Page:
By Wilson Adekumola
The Minister of State for Labour and Employment Festus Keyamo has explained why the determination of presidential election by the tribunal can not end before May 29.
According to the Nation, while making this disclosure in a statement on Sunday, the Senior Advocate of Nigeria said, “In the future, it is possible to amend our laws and rules of court to accommodate such an idea, but it is clearly impossible under our present circumstances,” he explained in a statement yes
He said those speculating that it will be determined before swearing-in are “plainly ignorant or crassly mischievous.
Keyamo held the view that verdict can only be given when some sections of the Constitution and court rules are amended.
Keyamo stated further that it is not in the opposition parties’ interest for their petitions against the victory of President-elect Bola Tinubu of the All Progressives Congress to be rushed.
He insisted that id that happens, the cases of Atiku Abubakar of the Peoples Democratic Party and Peter Obi of the Labour Party before the Presidential Elections Petitions Tribunal could be destroyed because “justice rushed is justice crushed.”
Recall that Atiku and Obi are seeking to overturn the victory of Asiwaju Bola Tinubu in the February 25 presidential poll at the tribunal.
The tribunal will today begin a pre-trial conference today. It has 180 days to complete the task. The appeal will last 60 days.
Keyamo’s statement added that those who call for the conclusion of the cases before the May 29 inauguration date “do not realise that they are, in fact doing great harm to the cases of the petitioners.
“It is the petitioners that need more time to prove their cases and not necessarily the defendants,”
The Minister said in the statement titled: “ Those calling for a quick determination of election petitions before May 29 under our present laws actually want to destroy the cases of petitioners.
The statement reads in read in parts, “Those calling for the determination of the election petitions before the swearing-in ceremonies on May 29t under our present electoral laws and Rules of Court and/or procedure are either plainly ignorant or crassly mischievous.
“They do not realise that they are, in fact doing great harm to the cases of the petitioners. It is the petitioners that need more time to prove their cases and not necessarily the defendants.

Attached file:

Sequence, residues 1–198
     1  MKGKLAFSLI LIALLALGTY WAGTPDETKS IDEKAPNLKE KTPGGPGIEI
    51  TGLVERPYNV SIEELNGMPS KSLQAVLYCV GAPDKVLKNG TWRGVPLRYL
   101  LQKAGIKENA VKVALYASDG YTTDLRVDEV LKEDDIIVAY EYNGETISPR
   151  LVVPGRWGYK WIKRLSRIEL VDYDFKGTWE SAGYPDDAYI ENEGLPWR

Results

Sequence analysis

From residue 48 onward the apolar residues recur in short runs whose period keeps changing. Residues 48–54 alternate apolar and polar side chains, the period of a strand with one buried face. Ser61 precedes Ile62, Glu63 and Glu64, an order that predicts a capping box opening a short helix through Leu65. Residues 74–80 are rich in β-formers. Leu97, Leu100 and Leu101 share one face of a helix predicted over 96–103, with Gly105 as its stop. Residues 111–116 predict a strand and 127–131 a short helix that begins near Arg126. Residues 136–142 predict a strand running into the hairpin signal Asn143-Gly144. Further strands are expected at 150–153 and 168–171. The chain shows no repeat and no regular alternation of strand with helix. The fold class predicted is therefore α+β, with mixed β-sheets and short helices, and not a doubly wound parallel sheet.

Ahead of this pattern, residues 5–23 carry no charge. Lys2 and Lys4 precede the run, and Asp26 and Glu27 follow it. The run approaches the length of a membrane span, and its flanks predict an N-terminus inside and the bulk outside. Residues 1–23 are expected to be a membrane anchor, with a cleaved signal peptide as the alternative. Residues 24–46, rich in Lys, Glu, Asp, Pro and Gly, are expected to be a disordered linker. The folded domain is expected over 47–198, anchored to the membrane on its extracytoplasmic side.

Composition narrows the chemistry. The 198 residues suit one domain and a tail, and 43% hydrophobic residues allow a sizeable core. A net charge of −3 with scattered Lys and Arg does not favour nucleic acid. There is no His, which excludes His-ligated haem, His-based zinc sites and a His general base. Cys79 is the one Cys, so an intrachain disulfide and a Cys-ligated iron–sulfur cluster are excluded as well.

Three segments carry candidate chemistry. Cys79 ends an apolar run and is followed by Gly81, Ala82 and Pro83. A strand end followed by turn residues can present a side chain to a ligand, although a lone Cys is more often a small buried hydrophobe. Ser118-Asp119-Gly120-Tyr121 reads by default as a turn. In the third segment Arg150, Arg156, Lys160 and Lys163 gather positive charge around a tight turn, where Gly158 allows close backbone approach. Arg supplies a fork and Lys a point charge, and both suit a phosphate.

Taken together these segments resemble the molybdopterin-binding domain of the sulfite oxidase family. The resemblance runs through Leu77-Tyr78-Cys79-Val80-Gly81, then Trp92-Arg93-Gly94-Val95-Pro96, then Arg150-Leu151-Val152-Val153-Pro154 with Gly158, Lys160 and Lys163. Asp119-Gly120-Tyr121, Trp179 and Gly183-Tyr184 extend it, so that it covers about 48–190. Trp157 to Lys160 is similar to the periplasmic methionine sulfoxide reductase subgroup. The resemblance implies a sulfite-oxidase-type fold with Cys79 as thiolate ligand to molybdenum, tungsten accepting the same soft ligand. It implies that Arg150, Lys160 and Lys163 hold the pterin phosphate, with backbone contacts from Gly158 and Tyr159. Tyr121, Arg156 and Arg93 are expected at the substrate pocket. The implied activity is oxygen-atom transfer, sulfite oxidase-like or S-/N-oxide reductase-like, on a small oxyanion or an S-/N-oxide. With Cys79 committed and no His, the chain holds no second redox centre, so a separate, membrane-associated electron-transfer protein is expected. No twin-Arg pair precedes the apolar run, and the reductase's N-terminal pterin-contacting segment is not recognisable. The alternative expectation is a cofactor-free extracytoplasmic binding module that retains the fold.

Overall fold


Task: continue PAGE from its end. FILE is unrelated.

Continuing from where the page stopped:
“That is why the petitioners are given 21 days to file and the defendants have 14 days to respond. And the petitioners have a further seven days to reply, making a total of 30 days as against the 14 days of the respondents.
“It follows that in leading evidence in court/tribunal in support of the petitions, the Petitioners would also take more time. It is more arduous to prove an election petition than to defend it.
“If these characters say a single point (let’s say the FCT 25 per cent storm-in-a-teacup issue) should be set down for determination immediately, would the Petitioners’ lawyers agree to withdraw and abandon all other issues raised in their petition and proceed only with that issue? Will they take that risk?
“Ask them privately. They know better. This is because the rules of election petitions do not allow petitioners to prove their cases piecemeal.”
Keyamo maintained that a petitioner cannot drag a single point up to the Supreme Court and after losing, return to the tribunal or court and say he wants to now prove other aspects of the case.
According to him, “Even that single point alone cannot be determined by the Supreme Court before May 29 because of the time given by the rules for parties to file their notices of appeal and exchange their briefs.
“It is indeed only the respondent that can raise a preliminary objection that can determine the petition in limine (that is, at the threshold). Even at that, the rules allow the court/tribunal to take the objection together with the Petition itself and give one judgment at the end in order to save time.
“So, this is free advice to the advocates of pre-May 29th determination of the election petitions: they are doing the cases of their principals (the petitioners) great harm. They should realise that just as we say ‘justice delayed is justice denied’, we also say ‘justice rushed is justice crushed.”
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